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The Slow Mediterranean Kitchen: Recipes for the Passionate Cook Hardcover – October 3, 2003


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Product Details

  • Hardcover: 368 pages
  • Publisher: Houghton Mifflin Harcourt; 1 edition (October 3, 2003)
  • Language: English
  • ISBN-10: 0471262889
  • ISBN-13: 978-0471262886
  • Product Dimensions: 9.5 x 8.2 x 1.4 inches
  • Shipping Weight: 2.3 pounds (View shipping rates and policies)
  • Average Customer Review: 4.2 out of 5 stars  See all reviews (19 customer reviews)
  • Amazon Best Sellers Rank: #285,694 in Books (See Top 100 in Books)

Editorial Reviews

From Publishers Weekly

Mediterranean cooking expert Wolfert invites readers to sit back and relax, in this, her eighth book (the first has been in print for 30 years)-a charming paean to the kinds of foods that require time to prepare, but are worth the wait. That doesn't mean these are complicated recipes. In fact, most are paragons of the simplicity and highlighting of flavors that have made Mediterranean cooking so popular. Dishes such as a classic Cassoulet use long periods in the oven to produce meltingly soft meat. The dough for Turkish Flatbread Stuffed with Melted Cheese needs to rise overnight, but is produced in a food processor with little effort. A chapter on soups celebrates simmer-it-and-forget-it dishes such as Turkish Red Lentil Soup with Paprika and Mint Sizzle and Mediterranean Marinated Fish Soup, which calls first for soaking fish filets in a mixture of Pernod, wine, thyme and garlic, then covering them with hot broth to cook off any residual rawness. Other recipes simply need to sit for their flavors to meld, as is the case with Cypriot Fresh Fava Bean and Purslane Salad and El Churrasco's Gazpacho with Pine Nuts and Currants. Wolfert does her usual practiced job of seeking out unusual flavors in all corners of the Mediterranean, such as a Butternut Squash and Potato Pie with Tomato, Mint, and Sheep's Milk Cheese from Crete, and providing interesting historical background, like the headnote for Seven-Hour Garlic Crowned Lamb, a recipe culled from a 1929 cookbook of the foods of France's Perigord region.
Copyright 2003 Reed Business Information, Inc.

Review

"...slow down, try any of these...recipes, and recapture the special flavors of North Africa or Spain, Greece or Italy." (Associated Press, July 9, 2004)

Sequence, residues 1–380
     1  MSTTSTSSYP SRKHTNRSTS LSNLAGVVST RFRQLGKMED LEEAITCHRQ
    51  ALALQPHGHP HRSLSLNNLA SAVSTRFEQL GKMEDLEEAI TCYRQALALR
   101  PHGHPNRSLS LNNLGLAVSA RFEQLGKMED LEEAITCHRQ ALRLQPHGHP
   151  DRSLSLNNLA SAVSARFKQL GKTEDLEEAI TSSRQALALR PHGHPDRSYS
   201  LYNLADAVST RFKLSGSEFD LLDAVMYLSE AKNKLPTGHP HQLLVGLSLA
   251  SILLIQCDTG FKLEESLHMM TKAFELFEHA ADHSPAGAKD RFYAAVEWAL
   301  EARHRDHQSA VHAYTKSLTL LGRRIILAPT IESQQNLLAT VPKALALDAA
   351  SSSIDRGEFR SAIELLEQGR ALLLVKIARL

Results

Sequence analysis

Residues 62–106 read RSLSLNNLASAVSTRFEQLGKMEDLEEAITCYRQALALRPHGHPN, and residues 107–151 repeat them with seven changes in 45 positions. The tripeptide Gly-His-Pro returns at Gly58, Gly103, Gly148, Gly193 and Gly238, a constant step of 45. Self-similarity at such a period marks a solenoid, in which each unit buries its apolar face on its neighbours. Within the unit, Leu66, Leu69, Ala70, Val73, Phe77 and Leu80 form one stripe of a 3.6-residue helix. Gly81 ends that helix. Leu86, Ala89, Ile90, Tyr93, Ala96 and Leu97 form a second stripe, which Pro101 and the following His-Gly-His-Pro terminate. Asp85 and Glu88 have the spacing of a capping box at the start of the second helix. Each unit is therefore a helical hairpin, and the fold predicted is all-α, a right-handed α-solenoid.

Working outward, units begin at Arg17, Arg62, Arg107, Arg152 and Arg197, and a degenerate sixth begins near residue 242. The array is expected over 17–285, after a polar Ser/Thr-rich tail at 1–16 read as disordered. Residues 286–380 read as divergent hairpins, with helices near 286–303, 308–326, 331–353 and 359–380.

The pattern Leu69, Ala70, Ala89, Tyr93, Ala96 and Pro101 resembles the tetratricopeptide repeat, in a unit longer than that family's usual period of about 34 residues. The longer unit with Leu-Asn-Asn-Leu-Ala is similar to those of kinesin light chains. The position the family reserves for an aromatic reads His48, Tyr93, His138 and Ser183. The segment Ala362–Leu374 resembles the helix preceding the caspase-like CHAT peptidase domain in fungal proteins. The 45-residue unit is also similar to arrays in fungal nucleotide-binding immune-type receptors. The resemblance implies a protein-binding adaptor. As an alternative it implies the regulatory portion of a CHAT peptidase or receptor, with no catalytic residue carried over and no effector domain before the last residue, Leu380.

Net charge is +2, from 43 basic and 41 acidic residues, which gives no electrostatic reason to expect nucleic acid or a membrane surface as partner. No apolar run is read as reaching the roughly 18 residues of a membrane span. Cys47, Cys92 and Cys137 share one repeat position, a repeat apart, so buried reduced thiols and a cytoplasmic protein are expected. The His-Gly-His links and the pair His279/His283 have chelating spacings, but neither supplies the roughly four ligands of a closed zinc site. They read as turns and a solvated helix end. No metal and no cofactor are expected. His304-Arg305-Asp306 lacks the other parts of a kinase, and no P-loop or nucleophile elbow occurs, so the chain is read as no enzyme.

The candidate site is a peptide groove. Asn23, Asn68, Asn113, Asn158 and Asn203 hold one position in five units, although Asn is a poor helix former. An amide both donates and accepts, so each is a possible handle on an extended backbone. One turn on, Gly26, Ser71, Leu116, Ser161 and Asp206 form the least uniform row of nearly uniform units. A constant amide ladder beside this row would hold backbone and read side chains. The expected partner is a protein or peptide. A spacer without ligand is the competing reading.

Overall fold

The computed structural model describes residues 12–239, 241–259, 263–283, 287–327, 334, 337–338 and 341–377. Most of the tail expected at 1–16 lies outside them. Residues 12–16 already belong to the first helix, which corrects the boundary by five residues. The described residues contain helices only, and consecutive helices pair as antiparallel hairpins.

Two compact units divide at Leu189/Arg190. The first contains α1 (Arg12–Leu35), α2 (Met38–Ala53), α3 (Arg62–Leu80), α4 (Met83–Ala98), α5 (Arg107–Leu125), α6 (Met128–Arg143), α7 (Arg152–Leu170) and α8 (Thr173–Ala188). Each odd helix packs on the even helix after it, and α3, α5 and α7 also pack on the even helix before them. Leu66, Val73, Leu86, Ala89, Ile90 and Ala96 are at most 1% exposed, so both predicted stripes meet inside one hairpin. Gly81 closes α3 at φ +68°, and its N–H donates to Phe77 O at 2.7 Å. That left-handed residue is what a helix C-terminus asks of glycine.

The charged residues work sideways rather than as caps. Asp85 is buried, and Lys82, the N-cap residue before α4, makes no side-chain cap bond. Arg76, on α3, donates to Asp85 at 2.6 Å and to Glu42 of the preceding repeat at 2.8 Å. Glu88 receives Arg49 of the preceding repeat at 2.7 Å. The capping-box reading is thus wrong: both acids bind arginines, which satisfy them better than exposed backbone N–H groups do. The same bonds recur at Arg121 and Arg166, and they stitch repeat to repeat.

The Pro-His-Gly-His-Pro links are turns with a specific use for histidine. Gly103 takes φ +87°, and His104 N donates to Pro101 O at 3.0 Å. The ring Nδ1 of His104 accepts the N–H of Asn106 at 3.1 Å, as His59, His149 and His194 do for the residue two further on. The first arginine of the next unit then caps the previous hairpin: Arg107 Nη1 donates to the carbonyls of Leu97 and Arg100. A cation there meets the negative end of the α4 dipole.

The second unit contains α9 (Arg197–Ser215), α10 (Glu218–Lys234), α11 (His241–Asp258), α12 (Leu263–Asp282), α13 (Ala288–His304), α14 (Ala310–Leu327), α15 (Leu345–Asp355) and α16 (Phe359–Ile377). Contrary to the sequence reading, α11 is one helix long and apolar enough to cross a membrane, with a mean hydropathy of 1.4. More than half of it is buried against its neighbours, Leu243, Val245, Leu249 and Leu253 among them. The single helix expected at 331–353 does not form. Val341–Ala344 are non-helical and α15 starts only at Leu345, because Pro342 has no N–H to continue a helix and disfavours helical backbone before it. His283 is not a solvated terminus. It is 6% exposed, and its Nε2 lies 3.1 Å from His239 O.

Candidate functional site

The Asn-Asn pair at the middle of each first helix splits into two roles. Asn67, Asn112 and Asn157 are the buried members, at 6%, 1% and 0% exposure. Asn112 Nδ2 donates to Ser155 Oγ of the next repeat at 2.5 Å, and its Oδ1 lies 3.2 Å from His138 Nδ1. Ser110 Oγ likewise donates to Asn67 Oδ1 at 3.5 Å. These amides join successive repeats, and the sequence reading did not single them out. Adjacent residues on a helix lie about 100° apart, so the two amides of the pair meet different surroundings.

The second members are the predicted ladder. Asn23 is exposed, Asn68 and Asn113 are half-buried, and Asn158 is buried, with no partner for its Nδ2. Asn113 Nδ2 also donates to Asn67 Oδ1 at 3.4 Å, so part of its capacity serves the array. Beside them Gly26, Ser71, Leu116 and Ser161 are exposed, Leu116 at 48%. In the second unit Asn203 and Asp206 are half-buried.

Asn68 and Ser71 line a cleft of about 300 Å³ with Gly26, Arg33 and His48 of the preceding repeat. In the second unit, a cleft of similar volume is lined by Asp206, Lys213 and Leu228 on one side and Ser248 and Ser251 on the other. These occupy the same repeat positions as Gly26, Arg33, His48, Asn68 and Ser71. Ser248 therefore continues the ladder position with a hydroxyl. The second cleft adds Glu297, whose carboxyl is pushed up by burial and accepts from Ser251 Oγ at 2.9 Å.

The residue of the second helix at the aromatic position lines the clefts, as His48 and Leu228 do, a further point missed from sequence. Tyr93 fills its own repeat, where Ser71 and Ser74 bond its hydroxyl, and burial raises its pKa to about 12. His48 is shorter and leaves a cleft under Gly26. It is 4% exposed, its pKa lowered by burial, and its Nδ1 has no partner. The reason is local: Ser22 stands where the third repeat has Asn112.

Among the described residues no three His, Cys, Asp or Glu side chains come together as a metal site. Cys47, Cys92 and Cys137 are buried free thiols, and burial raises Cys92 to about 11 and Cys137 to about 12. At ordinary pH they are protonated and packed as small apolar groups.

Mediterranean cooking expert Wolfert invites readers to sit back and relax, in this, her eighth book (the first has been in print for 30 years)—a charming paean to the kinds of foods that require time to prepare, but are worth the wait. That doesn't mean these are complicated recipes. In fact, most are paragons of the simplicity and highlighting of flavors that have made Mediterranean cooking so popular. Dishes such as a classic Cassoulet use long periods in the oven to produce meltingly soft meat. The dough for Turkish Flatbread Stuffed with Melted Cheese needs to rise overnight, but is produced in a food processor with little effort. A chapter on soups celebrates simmer-it-and-forget-it dishes such as Turkish Red Lentil Soup with Paprika and Mint Sizzle and Mediterranean Marinated Fish Soup, which calls first for soaking fish filets in a mixture of Pernod, wine, thyme and garlic, then covering them with hot broth to cook off any residual rawness. Other recipes simply need to sit for their flavors to meld, as is the case with Cypriot Fresh Fava Bean and Purslane Salad and El Churrasco's Gazpacho with Pine Nuts and Currants. Wolfert does her us ual practiced job of seeking out unusual flavors in all corners of the Mediterranean, such as a Butternut Squash and Potato Pie with Tomato, Mint, and Sheep's Milk Cheese from Crete, and providing interesting historical background, like the headnote for Seven-Hour Garlic Crowned Lamb, a recipe culled from a 1929 cookbook of the foods of France's Perigord region. (Sept.)
Forecast: Wolfert has become the brand name for Mediterranean cooking, and this polished effort should sell well on the basis of name recognition and general excellence. The only possible impediment is its title and subtitle, which may scare off potential buyers who fear overly complicated recipes or even give the impression that these recipes require a slow cooker. (Publishers Weekly, August 4, 2003)

In her many previous books (e.g., the now classic Couscous and Other Good Foods from Morocco), Wolfert wrote about the Mediterranean lifestyle, and here she seeks to recapture that way of life whose "friendly but voluptuous eating experiences" are no longer so easy to find, regrettably. To that end, she offers recipes intended to be both satisfying to prepare and delicious to eat, homey and comforting dishes from all the countries of the region: brodetto Pasquale (Italian Easter Lamb Soup), Expatriate Roast Chicken with Lemon and Olives from Morocco, and Catalonian Fall-Apart Lamb Shanks. Although many recipes call for braising, stewing, and other techniques of long cooking, others are not limited to those techniques, for Wolfert's definition of slow cooking also encompasses marinating and similar technique - i.e., cooking that requires forethought but not necessarily hours at the stove: Overnight Gorgonzola with Saba Spread, for example, or Mediterranean Marinated Fish Soup, prepared in btwo stages. Slow-cooked food has become popular with home cooks and restaurant diners alike, and Wolfert's celebration of the pleasures of that approach with its dozens of delicious and unusual recipes, is highly recommended. (Library Journal, September 15, 2003)